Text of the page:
The edged around the room. The ripples they made at the edges waved out to the center and then rebounded off each other riding slowly back. Elizabet watching this noticed movement under the water.
“Selen! There’s fish in the water.”
“Yeah,” Selen said. “Sorta weird, huh? I don’t think when they were building this place they imagined the classes would be mostly schools of fish.”
Elizabet rolled her eyes at the awful pun.
They had reached a door and Selen opened it. This room was slightly lower and the water came up to their hips. Elizabet gasped. The spell only protected her feet up to her calves, it seemed.
“Bear it. We’ve only got a little way to go.”
Unlike other areas in the building that had been pretty well striped of debris, this room had floating cans and pencils and a few empty tins floating around. Mops and brooms leaned against the walls and what looked like white fungus or frost ate into the broom handles. It glittered in Selen’s fire light.
They caught their first glimpse of the ghost as they rounded a corner. She was between two support pillars clutching her hands together. She was further down in the water than they were because she was shorter, but she caused not a ripple and disturbed none of theirs.
Elizabet gasped when she got her first good look at her and involuntarily took a step, not backwards but forwards, her first thought being: We’ve got to get her out of here. Selen’s found a girl. A living girl, trapped down here, afraid and alone. But that thought went as fast as it came, because closer the only thing the girl could be was dead.
A girl. Ten years old. Crying silently, and completely unaware that they were there. She cast no shadow and Elizabet could clearly see the rot set into her checks and fungus in her hair. The ghost was in an old fashioned dress with a floral pattern on it, something that would have been very popular with little girls twenty years ago. The faded yellow bows in her hair must have been festive once, but those looked just as rotten as her limp damp hair. She trembled and quaked, but didn’t look at anything and her eyes were as vacant as any corpse.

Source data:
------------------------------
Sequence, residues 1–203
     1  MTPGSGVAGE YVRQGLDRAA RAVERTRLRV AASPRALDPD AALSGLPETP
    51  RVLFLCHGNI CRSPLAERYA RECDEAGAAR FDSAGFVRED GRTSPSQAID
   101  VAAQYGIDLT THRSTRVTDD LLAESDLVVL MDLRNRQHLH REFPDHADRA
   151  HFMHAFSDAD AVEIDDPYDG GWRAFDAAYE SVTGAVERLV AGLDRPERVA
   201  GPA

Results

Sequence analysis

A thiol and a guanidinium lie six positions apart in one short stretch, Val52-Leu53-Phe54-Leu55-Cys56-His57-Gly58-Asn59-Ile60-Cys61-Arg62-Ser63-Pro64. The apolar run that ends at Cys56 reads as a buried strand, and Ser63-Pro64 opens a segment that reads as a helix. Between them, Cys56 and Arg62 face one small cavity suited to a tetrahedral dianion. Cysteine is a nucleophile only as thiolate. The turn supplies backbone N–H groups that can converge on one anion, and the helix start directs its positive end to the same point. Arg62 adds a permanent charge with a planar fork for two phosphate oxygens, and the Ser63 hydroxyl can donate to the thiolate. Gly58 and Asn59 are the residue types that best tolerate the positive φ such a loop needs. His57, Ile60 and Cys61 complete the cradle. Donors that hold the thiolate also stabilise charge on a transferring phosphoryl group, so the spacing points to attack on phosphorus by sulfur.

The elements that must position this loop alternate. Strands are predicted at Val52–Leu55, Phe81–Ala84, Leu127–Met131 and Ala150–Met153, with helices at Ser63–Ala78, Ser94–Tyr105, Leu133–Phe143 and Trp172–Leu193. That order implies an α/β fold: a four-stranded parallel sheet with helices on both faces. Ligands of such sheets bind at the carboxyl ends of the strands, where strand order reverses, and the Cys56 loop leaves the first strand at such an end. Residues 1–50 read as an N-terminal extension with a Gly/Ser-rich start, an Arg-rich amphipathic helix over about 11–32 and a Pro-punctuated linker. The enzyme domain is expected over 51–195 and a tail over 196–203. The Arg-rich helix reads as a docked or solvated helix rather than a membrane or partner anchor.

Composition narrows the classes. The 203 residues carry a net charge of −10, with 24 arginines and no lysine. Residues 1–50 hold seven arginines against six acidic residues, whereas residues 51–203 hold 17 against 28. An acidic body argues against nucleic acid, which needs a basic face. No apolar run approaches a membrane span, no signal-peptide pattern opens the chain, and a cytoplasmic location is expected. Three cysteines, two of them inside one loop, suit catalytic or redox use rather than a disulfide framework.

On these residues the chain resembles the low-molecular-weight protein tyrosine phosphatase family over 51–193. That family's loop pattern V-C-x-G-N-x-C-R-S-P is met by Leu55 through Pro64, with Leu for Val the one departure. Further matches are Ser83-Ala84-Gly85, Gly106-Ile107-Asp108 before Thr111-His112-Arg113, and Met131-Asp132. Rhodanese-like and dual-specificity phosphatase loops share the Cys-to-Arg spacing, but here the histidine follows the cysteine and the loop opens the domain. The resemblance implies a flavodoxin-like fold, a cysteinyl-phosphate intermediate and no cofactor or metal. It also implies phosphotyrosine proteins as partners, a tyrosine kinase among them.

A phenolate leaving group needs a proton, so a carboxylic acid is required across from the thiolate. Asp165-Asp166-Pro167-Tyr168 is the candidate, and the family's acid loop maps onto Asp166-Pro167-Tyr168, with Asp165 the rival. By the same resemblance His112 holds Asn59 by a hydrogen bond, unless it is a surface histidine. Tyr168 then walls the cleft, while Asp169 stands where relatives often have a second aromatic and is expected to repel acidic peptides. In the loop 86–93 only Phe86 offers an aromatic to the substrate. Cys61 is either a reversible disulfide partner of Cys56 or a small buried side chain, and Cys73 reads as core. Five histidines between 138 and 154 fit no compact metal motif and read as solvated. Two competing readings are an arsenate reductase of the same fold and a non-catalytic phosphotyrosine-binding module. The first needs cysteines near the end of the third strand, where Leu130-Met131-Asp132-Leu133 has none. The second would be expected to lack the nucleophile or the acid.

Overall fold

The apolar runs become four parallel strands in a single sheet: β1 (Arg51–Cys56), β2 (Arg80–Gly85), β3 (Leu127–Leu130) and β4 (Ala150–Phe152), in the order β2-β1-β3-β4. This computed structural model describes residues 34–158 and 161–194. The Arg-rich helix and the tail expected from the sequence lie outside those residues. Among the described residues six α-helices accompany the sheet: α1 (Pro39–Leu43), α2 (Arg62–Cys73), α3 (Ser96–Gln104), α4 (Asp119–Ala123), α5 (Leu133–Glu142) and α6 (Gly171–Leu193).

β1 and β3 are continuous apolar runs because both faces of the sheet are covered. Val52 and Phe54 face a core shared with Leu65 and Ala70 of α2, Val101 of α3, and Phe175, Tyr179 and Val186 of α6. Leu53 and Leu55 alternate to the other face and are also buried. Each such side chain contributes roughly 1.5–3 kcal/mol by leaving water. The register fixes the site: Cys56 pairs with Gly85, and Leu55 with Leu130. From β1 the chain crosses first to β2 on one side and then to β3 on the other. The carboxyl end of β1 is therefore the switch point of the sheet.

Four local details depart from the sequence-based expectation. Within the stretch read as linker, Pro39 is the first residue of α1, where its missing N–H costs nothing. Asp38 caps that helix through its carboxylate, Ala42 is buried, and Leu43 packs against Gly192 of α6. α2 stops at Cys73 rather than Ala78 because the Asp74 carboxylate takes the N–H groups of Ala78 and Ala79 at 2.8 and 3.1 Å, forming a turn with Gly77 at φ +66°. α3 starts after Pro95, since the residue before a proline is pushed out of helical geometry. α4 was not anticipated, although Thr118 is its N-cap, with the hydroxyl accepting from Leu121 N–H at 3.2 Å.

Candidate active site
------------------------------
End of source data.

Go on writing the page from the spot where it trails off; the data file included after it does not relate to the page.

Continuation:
Elizabet was appalled.
“Selen! She’s… pitiable!” It was the only word she could think of.
“Not scared?” Selen asked, coming around one of the support pillars to stand closer to Elizabet.
“I… a little yeah. A little,” Elizabet said. She had forgotten about the cold, about any prior engagements. “She is dead, right?” Elizabet knew the answer but asked anyway.
“Where’s her body? Is that her body?” Elizabet asked stepping closer to the girl despite her repulsion.
“No, I don’t think so,” Selen said from behind her. “It doesn’t cast a shadow.”
“Maybe she has no body,” Elizabet said. “Maybe it rotted away. Can you touch her?”
“I don’t know. I didn’t try.”
Elizabet reached out and seeing that her hand was shaking, steadied it before trying to put a finger through the girl’s temple. There was no resistance. Her hand went through making not even a ripple against the girl’s skin. Elizabet got a good look at the skin while doing this and pulled her hand back as if she had felt some sort of grime under her fingers. The skin was pale bluish-white with spidery capillaries crisscrossing it. The rot, a fungus, or major bacterial colony maybe, could be clearly seen under the skin weaving above it, under it, and between the blood vessels. The rot traveled into the child’s eyes, eyes that might have been blue once but were bleached now and sightless.
The young woman suppressed a scream. Turning back to Selen, she said, “Isn’t there anything we can do for her?”
“Like what?” Selen asked.
The girl continued to tremble in the corner, looking quite solid in spite of the light passing through her and the ripples that acted as if she weren’t there.
“Why did you…? If this…” Elizabet said, out of words.